Long live good typography!

persistent MPS2

Poagao sent me this photo of signs on Zhong’an Bridge, which joins Xindian and Zhonghe (both in Taipei County). (So the zhong is probably for Zhonghe; but I’m not sure what the an is meant to be short for.) The signs are a good illustration of the sloppy approach to romanization in Taiwan. Because this is a new bridge, these are definitely new signs and thus should be in Hanyu Pinyin, which is official not just in Taipei County but nationally.

two large directional signs above a road across a bridge, as described in this post

As the table below shows, however, the only name that definitely isn’t written in MPS2 — the romanization system that predated Tongyong, which in Taiwan predated Hanyu Pinyin — is a typo. MPS2 hasn’t been official for the better part of a decade.

on the sign system Hanyu Pinyin
Junghe MPS2 Zh?nghé
Benchian wrong in all systems B?nqiáo
Jingping (MPS2, Tongyong, Hanyu Pinyin) J?ngpíng
Shioulang MPS2 Xiùl?ng

And there’s no excuse for making “Shioulang Bridge” so small and squashed. This also brings to mind another aspect of Hanyu Pinyin: because of its design and the fact that it uses abbreviated forms of some vowel combinations (e.g., uei -> ui, iou -> iu), it doesn’t need as much horizontal space as MPS2 or Tongyong Pinyin, which means it can be written with larger letters — an important factor in signage. (See the second table of the comparative typing chart to see such differences between Hanyu Pinyin and Tongyong Pinyin.)

system spelling
MPS2 Shioulang
Tongyong Pinyin Sioulang
Hanyu Pinyin Xiulang

history bite: around this time in 1977

Thirty-three years ago the third United Nations Conference on the Standardization of Geographical Names voted 43-1 in favor of adopting Hanyu Pinyin as “the international system for the romanization of Chinese geographical names,” which was a major step in establishing the use of Hanyu Pinyin internationally.

The one nay vote came from the United States, which said that changing the Library of Congress’s records from Wade-Giles to Pinyin would be prohibitively expensive. (The Library of Congress did not begin its Pinyin-conversion project until twenty years later.) This may also have had to do with the fact that at the time the United States did not recognize the People’s Republic of China but instead had diplomatic relations with the Republic of China (i.e., Taiwan), which didn’t adopt Hanyu Pinyin itself until more than thirty years later (and its implementation here is still incomplete).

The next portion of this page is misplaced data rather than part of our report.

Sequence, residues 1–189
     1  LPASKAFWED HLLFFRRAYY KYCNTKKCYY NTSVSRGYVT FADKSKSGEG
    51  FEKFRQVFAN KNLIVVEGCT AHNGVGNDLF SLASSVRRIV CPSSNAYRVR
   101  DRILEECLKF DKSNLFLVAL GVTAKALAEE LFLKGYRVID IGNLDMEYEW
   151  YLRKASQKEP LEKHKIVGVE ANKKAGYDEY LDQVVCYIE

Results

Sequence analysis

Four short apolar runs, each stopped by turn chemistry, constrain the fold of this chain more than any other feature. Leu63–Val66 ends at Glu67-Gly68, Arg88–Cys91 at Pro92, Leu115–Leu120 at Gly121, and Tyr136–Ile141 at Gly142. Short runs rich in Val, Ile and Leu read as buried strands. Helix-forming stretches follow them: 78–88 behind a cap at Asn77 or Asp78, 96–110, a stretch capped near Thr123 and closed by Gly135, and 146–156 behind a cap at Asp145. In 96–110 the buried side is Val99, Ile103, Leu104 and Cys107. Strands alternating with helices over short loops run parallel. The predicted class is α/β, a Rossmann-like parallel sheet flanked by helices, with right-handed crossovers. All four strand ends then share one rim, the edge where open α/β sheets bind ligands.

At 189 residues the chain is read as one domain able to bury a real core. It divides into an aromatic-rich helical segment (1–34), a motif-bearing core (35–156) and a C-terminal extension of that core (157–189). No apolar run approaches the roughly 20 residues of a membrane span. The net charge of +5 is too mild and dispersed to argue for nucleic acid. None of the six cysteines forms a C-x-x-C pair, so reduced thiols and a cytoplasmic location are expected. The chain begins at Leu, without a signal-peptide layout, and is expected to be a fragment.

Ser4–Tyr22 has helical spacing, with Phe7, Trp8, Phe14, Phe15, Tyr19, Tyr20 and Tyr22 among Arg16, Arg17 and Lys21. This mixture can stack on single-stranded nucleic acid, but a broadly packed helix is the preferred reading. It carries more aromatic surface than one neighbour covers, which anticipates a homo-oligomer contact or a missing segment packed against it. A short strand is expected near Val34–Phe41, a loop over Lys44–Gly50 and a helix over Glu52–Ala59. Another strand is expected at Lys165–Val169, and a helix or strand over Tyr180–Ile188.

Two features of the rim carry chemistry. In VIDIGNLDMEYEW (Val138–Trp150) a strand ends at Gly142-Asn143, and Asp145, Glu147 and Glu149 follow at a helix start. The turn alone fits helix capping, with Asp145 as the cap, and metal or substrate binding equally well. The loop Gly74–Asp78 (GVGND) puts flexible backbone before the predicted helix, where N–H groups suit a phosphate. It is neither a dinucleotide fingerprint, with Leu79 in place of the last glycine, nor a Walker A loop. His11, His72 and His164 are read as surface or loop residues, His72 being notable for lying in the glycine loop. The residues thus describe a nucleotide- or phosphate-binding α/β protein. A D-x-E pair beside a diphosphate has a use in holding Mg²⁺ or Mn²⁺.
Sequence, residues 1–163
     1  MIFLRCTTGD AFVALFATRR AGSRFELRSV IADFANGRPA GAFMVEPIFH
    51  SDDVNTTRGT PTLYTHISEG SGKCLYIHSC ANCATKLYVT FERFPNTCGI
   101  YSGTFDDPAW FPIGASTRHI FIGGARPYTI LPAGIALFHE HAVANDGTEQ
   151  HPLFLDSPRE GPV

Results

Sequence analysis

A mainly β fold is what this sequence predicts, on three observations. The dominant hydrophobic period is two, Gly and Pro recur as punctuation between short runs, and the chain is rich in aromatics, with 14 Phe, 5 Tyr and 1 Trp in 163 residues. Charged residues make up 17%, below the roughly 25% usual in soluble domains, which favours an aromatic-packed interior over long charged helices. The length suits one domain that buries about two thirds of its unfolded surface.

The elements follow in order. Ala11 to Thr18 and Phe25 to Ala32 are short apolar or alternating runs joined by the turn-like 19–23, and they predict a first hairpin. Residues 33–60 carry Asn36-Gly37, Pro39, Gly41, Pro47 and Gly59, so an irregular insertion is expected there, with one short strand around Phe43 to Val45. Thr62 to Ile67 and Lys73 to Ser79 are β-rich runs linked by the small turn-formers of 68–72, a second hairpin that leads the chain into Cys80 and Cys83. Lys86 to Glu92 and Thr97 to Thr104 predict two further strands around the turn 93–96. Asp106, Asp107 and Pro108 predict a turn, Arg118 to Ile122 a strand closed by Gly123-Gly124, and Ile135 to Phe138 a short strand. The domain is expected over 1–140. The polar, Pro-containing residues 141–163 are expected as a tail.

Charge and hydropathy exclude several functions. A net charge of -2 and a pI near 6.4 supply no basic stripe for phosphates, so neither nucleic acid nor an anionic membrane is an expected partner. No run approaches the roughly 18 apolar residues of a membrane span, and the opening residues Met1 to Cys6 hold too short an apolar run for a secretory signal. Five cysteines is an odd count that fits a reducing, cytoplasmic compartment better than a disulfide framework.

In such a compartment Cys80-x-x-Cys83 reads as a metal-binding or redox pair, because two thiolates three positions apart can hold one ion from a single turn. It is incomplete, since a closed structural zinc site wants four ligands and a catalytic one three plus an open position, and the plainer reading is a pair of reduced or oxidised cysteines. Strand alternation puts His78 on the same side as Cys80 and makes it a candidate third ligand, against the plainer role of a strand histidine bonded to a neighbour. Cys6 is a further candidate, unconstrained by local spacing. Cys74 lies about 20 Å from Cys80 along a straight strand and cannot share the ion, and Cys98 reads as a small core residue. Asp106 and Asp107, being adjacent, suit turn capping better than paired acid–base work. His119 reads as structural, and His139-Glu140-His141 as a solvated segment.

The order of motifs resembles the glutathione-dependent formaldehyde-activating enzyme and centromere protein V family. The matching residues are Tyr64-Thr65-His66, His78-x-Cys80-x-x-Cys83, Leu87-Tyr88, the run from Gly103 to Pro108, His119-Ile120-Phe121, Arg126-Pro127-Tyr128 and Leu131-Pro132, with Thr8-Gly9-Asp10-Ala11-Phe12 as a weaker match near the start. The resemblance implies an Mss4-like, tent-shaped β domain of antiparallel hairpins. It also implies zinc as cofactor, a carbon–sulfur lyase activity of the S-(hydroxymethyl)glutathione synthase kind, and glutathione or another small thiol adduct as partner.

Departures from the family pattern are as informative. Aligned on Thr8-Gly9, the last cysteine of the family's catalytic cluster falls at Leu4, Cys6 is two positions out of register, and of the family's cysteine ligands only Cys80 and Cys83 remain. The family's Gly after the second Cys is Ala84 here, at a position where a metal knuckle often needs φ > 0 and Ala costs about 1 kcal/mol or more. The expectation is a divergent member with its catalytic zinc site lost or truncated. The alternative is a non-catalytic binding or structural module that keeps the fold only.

1977 nián zài Y?di?n j?xíng de Liánhéguó dì-s?n jiè dìmíng bi?ozh?nhuà huìyì shàng, y? 43 piào zànchéng, 1 piào f?nduì de jiégu?, t?ngguò le c?iyòng Hàny? P?ny?n zuòwéi Zh?ngguó dìmíng Luóm? zìm? de guójì bi?ozh?n de tí’àn. 1 piào f?nduì de shì M?iguó. Jùshu? shì y?nwèi rúgu? g?iyòng Hàny? P?ny?n, M?iguó Guóhuì Túsh?gu?n ji?ng “hàoz? tài dà” (c? túsh?gu?n de Zh?ngwén sh?k?n míng y?qián quán yòng W?itu?m?shì p?ny?n).

source: Xinhua Pinxie Cidian, by Yin Binyong.

Li-ching Chang, 1936-2010

Li-ching Chang (Zhāng Lìqīng / 張立青 / 张立青 / Zhang Liqing) was born in Changyi (near Qingdao), Shandong Province, China, on October 5, 1936. When she was 5 years old, her family sought to escape the fighting (between the Communists and the Nationalists) in her native Shandong Province and fled inland to Sichuan, eventually settling in Chengdu. In 1947 Li-ching’s family followed Chiang Kai-shek’s armies and moved to Gangshan, southern Taiwan. Li-ching attended Tainan Normal School. The same school at the same location has since been expanded to become the National University of Tainan. Upon graduation from this teacher training high school, Li-ching taught in elementary schools for several years. During this period, she also joined an army drama troupe.

After an intensive period of preparation for the college entrance examinations, Li-ching was successful in entering the Chinese Department at National Taiwan University, from which she received her B.A. degree in 1964. She also went on to earn an M.A. (1966) at NTU, with a thesis focusing on the works of the early medieval poet, Tao Yuanming. Later, she enrolled in a graduate program of Chinese studies at the University of Washington in Seattle, and there she earned another M.A., writing a thesis on the modern Chinese playwright, Cao Yu.

Li-ching was a superb teacher of Mandarin and was employed by numerous outstanding institutions of higher education, including the University of Washington, the Oberlin program at Tunghai University (Taichung, Taiwan), Middlebury College, Harvard University, Bryn Mawr College (joint program with Haverford College), the University of Pennsylvania, and Swarthmore College. Li-ching was co-founder and co-editor of Xin Tang, a journal of romanized Chinese. She served on the editorial board of the ABC Chinese-English dictionaries at the University of Hawaii and made a virtuoso translation of Zhou Youguang’s The Historical Evolution of Chinese Languages and Scripts (published by The Ohio State University National East Asian Language Resource Center in 2003).

She generously provided several of her important works to this Web site, including:

Li-ching lived in Swarthmore, Pennsylvania, with her husband, the scholar Victor H. Mair.

Li-ching Chang / Zhang Liqing / ???

Chomsky to lecture on linguistics in Xinzhu, Taiwan

Noam Chomsky will come to Taiwan in August to deliver two lectures.

The first lecture — on Monday, August 9 — is “Contours of World Order: Continuities and Changes.” This will likely cover political and human rights concerns, not linguistics.

The second, “Poverty of Stimulus: The Unfinished Business,” held the following day at Q?nghuá Dàxué (Tsinghua University) in Xinzhu (Hsinchu), will focus on linguistics.